Many Choose REITs During Business Formation For Tax Advantages

On behalf of The Law Office of Lynnette Ariathurai, A Professional Corporation posted in Business Formation & Planning on Thursday, August 21, 2014.

When forming a new business entity or even reorganizing into a different type of entity, it is important to consider all available options in order to maximize profits while also minimizing costs. Many entrepreneurs and business people in California and other states are realizing that choosing to form a Real Estate Investment Trust (REIT) during business formation may help save on costs from tax liabilities. However, the ability to do this may depend upon how the term “real estate” is defined by regulating authorities.

Current law requires a business to earn at least three-fourths of its income via real estate. However, the Internal Revenue Service (IRS) has chosen to broadly define what real estate is in its rulings. The IRS has stated that “structural components” and “inherently permanent structures” can be considered real property for tax purposes. This significantly expands the definition of real estate to include more than just buildings and land.

Iron Mountain is one company that recently decided to reorganize into a REIT in order to save as much as $150 million in tax liabilities. In another case, a private corrections company reorganized into a REIT based on the argument that the company was acting as a landlord for tenants, which in this case were the inmates. Reorganizing into REITs has shown to help boost the value of publicly traded stocks.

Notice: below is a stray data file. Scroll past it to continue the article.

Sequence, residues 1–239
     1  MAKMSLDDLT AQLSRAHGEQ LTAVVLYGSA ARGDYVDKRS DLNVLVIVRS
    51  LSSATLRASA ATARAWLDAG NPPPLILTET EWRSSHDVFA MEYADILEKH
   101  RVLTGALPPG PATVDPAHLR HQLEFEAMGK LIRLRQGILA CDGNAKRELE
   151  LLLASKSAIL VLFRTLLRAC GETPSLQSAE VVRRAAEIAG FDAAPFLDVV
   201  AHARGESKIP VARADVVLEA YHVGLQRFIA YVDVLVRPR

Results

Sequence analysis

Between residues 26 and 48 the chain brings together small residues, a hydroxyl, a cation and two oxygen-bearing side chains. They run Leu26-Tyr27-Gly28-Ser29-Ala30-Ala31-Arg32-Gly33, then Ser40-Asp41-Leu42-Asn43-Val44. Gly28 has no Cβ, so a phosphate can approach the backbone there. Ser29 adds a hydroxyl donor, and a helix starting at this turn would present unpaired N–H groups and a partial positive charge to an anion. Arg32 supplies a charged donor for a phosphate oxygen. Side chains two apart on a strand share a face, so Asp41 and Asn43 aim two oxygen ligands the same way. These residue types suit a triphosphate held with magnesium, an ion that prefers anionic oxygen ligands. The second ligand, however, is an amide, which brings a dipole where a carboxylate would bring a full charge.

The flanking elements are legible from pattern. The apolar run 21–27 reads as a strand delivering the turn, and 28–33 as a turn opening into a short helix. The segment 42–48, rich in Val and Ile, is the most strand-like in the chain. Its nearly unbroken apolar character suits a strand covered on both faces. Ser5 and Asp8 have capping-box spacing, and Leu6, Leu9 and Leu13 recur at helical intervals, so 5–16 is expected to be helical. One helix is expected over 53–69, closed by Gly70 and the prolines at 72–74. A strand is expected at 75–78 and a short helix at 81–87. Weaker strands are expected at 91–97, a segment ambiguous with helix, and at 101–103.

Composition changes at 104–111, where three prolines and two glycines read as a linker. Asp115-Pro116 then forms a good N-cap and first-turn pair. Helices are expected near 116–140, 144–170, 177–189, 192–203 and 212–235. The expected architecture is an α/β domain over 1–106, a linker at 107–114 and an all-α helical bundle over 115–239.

However, there are certain legislators who want to limit the ability of companies to organize into REITs during business formation in California as well as other states. Therefore, before ultimately deciding on a REIT as one’s business entity, it is best to have the latest updated information regarding the law. Also, if one decides to move forward with organizing into a REIT, the appropriate legal documents must be correctly filled out and submitted to the proper regulating agencies.

Source: The Boston Globe, "Growing recognition of real estate cuts companies tax bills", Jack Newsham, Aug. 17, 2014

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